When I was a child we had no real driveway and my mother would break trail for us on the winter mornings with her old leather laced snowshoes. We would follow her begrudgingly down the half mile that made up our driveway often sinking in the snow well up over our knees. One day after getting off the school bus from kindergarten I demanded I was allowed to be the leader on the way home. Now of course a small child likely wouldn't be able to accomplish that for long. My mother though allowed me to take up the challenge. Why is this important? Because that challenge changed my life. In that moment of taking the role of leader I realized it was hard to be a leader. I felt the weight of that responsibility. I think I maybe took twenty steps before I gave the role back to my very amused mother. The point here is that winter is a great time to allow the kids more time to find roles that suit them. Sure January signals the deep freeze of winter and it limits what we want to do outside. But there are many roles and responsibilities that kids can choose to learn in the home.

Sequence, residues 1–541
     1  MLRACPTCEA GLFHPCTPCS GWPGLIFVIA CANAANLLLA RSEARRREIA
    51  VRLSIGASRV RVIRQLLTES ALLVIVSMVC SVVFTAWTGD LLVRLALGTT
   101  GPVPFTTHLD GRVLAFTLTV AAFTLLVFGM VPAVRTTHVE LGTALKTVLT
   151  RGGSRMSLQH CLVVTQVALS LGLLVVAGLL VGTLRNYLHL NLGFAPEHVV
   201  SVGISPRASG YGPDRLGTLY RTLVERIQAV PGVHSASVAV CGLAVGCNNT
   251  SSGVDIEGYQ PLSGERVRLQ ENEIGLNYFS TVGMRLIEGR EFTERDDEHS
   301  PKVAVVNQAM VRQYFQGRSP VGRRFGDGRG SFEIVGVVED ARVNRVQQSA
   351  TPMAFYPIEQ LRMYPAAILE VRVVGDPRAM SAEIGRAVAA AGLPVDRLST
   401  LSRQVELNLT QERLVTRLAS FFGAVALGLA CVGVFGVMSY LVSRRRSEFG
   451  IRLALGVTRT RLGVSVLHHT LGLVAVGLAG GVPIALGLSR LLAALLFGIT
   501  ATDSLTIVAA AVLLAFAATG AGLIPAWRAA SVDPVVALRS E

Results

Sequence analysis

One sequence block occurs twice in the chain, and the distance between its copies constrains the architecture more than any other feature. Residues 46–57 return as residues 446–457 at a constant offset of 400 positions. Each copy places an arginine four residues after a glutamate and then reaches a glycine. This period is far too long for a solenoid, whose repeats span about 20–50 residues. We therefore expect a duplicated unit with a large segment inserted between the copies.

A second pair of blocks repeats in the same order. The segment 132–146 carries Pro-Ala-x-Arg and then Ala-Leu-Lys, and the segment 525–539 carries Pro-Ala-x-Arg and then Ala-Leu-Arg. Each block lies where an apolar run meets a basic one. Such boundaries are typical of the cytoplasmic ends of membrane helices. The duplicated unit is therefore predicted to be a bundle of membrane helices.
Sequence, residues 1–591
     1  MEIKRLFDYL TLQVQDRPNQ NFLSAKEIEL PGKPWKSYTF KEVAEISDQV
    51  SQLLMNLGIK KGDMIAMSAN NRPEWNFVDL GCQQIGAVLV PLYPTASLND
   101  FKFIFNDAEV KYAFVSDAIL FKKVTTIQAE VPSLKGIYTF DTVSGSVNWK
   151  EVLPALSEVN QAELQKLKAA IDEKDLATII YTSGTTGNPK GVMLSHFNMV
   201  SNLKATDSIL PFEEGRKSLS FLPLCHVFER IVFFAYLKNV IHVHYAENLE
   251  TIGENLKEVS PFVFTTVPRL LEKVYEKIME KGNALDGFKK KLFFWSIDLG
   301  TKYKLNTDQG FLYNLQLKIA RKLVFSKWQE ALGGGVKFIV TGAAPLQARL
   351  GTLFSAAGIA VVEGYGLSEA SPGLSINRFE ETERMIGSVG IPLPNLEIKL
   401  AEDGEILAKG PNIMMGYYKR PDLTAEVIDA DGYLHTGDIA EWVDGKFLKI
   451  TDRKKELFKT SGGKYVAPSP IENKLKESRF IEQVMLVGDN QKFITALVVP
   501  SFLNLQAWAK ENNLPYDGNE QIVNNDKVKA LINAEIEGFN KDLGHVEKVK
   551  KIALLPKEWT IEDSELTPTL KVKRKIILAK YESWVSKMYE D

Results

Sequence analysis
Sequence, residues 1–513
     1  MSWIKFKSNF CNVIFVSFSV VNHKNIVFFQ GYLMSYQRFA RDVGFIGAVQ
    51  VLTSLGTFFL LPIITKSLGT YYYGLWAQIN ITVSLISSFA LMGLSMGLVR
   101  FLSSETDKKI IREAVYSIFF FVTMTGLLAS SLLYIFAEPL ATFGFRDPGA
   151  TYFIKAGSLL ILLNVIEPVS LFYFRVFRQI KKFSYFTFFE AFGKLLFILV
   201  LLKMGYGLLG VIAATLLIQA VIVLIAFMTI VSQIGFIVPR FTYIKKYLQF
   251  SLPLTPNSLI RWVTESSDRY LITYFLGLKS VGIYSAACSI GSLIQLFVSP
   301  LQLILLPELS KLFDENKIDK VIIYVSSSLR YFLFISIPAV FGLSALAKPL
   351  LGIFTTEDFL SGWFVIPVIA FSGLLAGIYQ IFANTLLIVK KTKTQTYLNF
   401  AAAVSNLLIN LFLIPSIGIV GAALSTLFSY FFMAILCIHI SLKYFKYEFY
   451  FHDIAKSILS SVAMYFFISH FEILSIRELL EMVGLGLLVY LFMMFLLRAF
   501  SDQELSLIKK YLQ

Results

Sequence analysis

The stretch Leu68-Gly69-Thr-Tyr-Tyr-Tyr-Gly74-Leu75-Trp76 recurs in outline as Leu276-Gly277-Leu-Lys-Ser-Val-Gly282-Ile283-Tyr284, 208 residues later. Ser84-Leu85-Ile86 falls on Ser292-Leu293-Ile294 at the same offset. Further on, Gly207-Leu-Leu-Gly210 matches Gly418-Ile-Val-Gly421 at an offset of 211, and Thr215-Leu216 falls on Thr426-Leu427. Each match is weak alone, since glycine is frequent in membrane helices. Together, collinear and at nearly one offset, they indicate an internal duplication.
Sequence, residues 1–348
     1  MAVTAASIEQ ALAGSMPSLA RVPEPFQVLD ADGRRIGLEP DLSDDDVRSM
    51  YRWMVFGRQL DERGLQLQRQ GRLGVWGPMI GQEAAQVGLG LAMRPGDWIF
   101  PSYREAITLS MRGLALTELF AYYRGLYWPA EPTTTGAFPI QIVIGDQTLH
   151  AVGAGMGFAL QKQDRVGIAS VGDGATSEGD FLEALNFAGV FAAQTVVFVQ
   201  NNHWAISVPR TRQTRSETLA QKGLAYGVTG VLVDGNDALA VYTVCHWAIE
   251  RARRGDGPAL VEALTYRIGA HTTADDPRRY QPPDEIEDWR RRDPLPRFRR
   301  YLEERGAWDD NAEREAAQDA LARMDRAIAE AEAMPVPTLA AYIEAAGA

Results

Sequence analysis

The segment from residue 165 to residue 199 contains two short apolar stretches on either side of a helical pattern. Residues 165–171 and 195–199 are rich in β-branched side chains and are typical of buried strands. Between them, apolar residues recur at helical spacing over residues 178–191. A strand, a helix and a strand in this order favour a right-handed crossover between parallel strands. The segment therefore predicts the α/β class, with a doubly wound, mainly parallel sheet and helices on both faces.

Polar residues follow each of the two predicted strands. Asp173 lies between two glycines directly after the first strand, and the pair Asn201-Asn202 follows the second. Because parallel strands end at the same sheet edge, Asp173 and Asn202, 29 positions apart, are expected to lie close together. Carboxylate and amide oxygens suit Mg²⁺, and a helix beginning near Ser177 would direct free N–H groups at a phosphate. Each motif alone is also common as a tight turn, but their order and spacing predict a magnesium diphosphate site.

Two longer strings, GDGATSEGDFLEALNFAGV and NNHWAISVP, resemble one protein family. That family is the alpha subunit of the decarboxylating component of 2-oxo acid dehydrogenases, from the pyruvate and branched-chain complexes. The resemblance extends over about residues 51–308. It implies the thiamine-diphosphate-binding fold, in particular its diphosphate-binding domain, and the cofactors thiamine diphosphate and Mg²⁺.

As homeschool families we have a great gift of time with our kids. Also we have a very great responsibility to make sure we raise our kids to be competent adults. I have often heard that college aged kids can't do laundry or know how to change a fuse etc..Why? They weren't given those jobs growing up. Often times we want to be there for our kids in every way and sometimes yes we want to coddle them. I see the quieter months of winter as the best time of the year to focus on learning some of those needed skills. We have more time in the home and less distractions from outside to take our focus away. Challenging kids to do more gives them confidence in their persons and allows for personal growth.
Ultimately each and everyday we need to strive to make ourselves better human beings. Some days we fail miserably and some days we surprise even ourselves with how much we can do. It's the days in between that fill our lives and make life what it is. It's the laughter and joy in the simple, silly things that make life worth living. In the end we are all just trying to do what is right for our children and ourselves.